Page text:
Wage and Hour Division (WHD)
August 26, 2005
This is in response to your request for an opinion concerning the application of the learned professional exemption under section 13(a)(1) of the Fair Labor Standards Act (FLSA) to sales engineers employed by your client (Company), which is engaged in the production and distribution of DC motors for automotive components, audio and visual products, information and communication equipment, and home industrial products.
You request that the sales engineer position be evaluated in light of the final rule implementing minimum wage and overtime pay exemptions under section 13(a)(1) of the FLSA. This section provides a complete minimum wage and overtime pay exemption for any employee employed in a bona fide executive, administrative, or professional capacity as those terms are defined in the final rules at 29 CFR Part 541 that took effect on August 23, 2004. 69 FR 22122 (April 23, 2004). An employee may qualify for exemption as a bona fide professional employee if all the pertinent tests relating to duty, salary level and salary basis are met. We conclude that sales engineers meet the regulatory tests and thus qualify for the exemption.
According to the job description you provided, the sales engineer position requires a minimum four-year degree in mechanical or electrical engineering. The sales engineer position involves a combination of sales and applications engineering activities. The position is responsible for increasing new and existing business opportunities by adapting the Company’s motor designs into various applications. The sales engineer provides excellent sales and engineering service, and technical support to help customers develop new products and improve existing products.
As part of the sales engineer’s essential job functions, he or she maintains close contacts with customers’ purchasing and engineering staff through frequent visits, follow-up meetings and correspondence. The sales engineer pursues new applications and business opportunities to increase the use of the Company’s products. Also, the sales engineer provides quotations, obtains purchase orders and contracts, and conducts market research. The sales engineer exercises discretion and independent judgment regarding the engineering specifications required for a given product application, based on advanced engineering and product knowledge. He or she supplies engineering and technical support to existing and prospective customers, resolves engineering related problems with customers, and processes necessary engineering approvals. In addition, the sales engineer collects data and samples for the Company’s “next generation” motor development; verifies industry and market standards or developments; and makes recommendations for clarification or changes in the Company’s motor designs, quality or production processes.
Below is a discussion of the learned professional exemption and the primary duty requirement, which is then followed by an analysis of whether the sales engineer position qualifies for the exemption.
Learned Professional Exemption.
As discussed in section 541.301(a), “[t]o qualify for the learned professional exemption, an employee’s primary duty must be the performance of work requiring advanced knowledge in a field of science or learning customarily acquired by a prolonged course of specialized intellectual instruction. This primary duty test includes three elements:
- The employee must perform work requiring advanced knowledge;
- The advanced knowledge must be in a field of science or learning; and
- The advanced knowledge must be customarily acquired by a prolonged course of specialized intellectual instruction.”
Pursuant to § 541.300(a)(1), the learned professional exemption also requires that the employee is compensated on a salary or fee basis at a rate of not less than $455 per week. We assume for purposes of this letter that the sales engineers meet the salary level and salary basis requirements.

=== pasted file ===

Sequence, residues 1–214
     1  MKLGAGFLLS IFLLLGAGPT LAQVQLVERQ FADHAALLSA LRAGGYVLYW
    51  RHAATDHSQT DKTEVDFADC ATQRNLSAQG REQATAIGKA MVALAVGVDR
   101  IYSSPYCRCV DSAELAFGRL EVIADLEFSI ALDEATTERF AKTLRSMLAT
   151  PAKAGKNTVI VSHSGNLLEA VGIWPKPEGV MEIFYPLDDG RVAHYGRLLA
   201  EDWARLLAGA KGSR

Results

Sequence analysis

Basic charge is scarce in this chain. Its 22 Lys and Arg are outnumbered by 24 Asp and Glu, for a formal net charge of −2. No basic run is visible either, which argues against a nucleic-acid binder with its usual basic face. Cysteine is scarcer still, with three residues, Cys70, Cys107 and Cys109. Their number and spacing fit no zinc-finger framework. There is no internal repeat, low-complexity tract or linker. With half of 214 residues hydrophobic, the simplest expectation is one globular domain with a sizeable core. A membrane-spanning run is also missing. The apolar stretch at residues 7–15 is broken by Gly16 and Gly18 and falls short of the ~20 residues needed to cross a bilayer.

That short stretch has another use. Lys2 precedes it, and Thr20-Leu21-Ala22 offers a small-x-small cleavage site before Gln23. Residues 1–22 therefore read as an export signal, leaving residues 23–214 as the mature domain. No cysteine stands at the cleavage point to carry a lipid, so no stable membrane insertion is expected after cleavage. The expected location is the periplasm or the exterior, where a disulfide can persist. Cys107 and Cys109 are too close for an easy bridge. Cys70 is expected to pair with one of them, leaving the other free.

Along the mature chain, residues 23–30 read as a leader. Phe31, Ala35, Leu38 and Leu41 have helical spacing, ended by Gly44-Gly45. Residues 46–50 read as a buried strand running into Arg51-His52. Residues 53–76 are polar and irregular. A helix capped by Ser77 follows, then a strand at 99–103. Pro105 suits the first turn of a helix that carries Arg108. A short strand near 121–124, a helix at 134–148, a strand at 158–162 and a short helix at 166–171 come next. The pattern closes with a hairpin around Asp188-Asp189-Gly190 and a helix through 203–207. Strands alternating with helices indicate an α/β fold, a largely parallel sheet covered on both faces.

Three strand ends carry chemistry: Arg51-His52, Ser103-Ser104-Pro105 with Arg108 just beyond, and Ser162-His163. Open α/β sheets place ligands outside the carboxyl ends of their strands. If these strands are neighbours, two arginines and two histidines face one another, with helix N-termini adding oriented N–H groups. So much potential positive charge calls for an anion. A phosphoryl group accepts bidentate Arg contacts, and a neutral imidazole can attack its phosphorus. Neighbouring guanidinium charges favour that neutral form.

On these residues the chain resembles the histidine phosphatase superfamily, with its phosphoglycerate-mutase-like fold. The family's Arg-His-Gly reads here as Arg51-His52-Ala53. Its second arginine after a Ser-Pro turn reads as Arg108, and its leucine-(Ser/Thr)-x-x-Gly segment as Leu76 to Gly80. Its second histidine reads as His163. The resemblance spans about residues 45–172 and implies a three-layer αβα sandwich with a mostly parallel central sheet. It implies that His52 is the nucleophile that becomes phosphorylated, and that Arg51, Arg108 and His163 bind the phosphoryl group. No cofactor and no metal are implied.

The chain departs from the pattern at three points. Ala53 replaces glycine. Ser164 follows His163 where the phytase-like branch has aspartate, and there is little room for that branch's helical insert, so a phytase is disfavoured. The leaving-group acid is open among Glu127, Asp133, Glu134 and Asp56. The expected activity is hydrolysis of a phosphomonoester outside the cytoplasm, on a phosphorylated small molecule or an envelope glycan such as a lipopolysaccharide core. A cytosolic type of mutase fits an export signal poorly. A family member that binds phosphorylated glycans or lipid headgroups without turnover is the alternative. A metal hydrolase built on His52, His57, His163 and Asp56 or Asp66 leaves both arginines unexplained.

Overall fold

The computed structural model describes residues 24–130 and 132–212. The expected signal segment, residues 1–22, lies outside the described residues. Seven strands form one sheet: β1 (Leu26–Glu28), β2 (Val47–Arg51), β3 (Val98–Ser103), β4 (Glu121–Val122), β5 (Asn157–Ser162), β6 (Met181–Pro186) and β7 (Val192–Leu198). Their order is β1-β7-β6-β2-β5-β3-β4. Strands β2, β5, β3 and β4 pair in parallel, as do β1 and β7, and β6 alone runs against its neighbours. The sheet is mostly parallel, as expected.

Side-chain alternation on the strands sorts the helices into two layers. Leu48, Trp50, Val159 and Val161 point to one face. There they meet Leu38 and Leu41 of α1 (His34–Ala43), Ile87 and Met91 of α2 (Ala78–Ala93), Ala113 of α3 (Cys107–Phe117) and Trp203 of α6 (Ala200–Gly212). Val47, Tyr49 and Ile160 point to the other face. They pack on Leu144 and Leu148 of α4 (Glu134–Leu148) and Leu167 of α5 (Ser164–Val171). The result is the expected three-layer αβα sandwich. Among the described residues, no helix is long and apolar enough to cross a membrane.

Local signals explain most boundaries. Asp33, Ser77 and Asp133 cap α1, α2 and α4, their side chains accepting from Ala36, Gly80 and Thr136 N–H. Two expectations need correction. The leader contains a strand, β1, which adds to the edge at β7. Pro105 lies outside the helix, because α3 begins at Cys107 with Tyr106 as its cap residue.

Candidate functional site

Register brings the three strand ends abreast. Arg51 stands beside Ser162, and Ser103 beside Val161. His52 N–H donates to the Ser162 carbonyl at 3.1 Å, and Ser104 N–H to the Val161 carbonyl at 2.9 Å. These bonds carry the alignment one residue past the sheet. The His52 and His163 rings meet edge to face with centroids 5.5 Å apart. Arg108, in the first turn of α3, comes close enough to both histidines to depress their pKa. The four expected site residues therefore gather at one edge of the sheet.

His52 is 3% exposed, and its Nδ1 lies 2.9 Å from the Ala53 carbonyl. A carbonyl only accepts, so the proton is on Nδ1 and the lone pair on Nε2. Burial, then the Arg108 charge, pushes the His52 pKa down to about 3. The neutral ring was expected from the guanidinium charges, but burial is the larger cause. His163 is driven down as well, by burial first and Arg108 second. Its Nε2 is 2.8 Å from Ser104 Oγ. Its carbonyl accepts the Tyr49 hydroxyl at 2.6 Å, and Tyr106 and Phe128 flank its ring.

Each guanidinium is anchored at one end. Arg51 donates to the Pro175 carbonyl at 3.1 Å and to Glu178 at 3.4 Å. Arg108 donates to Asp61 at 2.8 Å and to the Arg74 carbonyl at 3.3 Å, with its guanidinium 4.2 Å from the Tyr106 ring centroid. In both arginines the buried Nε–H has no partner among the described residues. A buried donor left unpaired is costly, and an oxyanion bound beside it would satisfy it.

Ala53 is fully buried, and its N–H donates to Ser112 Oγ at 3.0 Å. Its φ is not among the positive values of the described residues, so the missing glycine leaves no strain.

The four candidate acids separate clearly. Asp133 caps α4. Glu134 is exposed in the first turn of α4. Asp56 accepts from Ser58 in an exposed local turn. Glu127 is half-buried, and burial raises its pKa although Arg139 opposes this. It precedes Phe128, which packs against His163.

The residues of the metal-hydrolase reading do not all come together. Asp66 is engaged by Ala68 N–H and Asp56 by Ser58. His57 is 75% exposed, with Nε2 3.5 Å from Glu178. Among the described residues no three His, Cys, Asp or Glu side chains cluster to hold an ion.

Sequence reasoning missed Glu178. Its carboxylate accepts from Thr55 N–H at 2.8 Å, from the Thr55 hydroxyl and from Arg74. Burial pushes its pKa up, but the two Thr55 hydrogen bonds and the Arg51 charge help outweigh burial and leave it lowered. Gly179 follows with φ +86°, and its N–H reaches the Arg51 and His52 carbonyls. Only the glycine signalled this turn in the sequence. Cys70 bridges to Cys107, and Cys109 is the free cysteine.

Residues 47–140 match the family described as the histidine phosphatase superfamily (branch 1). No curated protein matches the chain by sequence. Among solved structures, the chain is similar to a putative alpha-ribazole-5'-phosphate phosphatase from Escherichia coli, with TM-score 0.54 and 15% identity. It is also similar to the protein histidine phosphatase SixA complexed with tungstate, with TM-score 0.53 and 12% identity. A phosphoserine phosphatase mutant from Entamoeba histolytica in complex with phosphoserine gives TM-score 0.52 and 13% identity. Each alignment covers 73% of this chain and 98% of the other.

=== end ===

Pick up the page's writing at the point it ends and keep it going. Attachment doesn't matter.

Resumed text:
With regard to the duties requirement, section 541.301(b) states that “[t]he phrase ‘work requiring advanced knowledge’ means work which is predominantly intellectual in character, and which includes work requiring the consistent exercise of discretion and independent judgment, as distinguished from performance of routine mental, manual, mechanical or physical work. An employee who performs work requiring advanced knowledge generally uses the advanced knowledge to analyze, interpret or make deductions from varying facts or circumstances. Advanced knowledge cannot be attained at the high school level.”
Section 541.301(c) describes the phrase “field of science or learning” to include the traditional professions of law, medicine, theology, accounting, engineering, teaching, pharmacy and other similar occupations that have a recognized professional status as distinguished from the mechanical arts or skilled trades where in some instances the knowledge is of a fairly advanced type, but is not in a field of science or learning.
Section 541.301(d) in part states that “[t]he phrase ‘customarily acquired by a prolonged course of specialized intellectual instruction’ restricts the exemption to professions where specialized academic training is a standard prerequisite for entrance into the profession. The best prima facie evidence that an employee meets this requirement is possession of the appropriate academic degree.” This section further clarifies that “the learned professional exemption is not available for occupations that customarily may be performed with only the general knowledge acquired by an academic degree in any field, with knowledge acquired through an apprenticeship, or with training in the performance of routine mental, manual, mechanical or physical processes.”
Primary Duty Requirement:
As discussed in section 541.700(a), “[t]o qualify for exemption under this part, an employee’s ‘primary duty’ must be the performance of exempt work. The term ‘primary duty’ means the principal, main, major or most important duty that the employee performs. Determination of an employee’s primary duty must be based on all the facts in a particular case, with the major emphasis on the character of the employee’s job as a whole.”
“The amount of time spent performing exempt work can be a useful guide in determining whether exempt work is the primary duty of an employee. Thus, employees who spend more than 50 percent of their time performing exempt work will generally satisfy the primary duty requirement.” Section 541.700(b).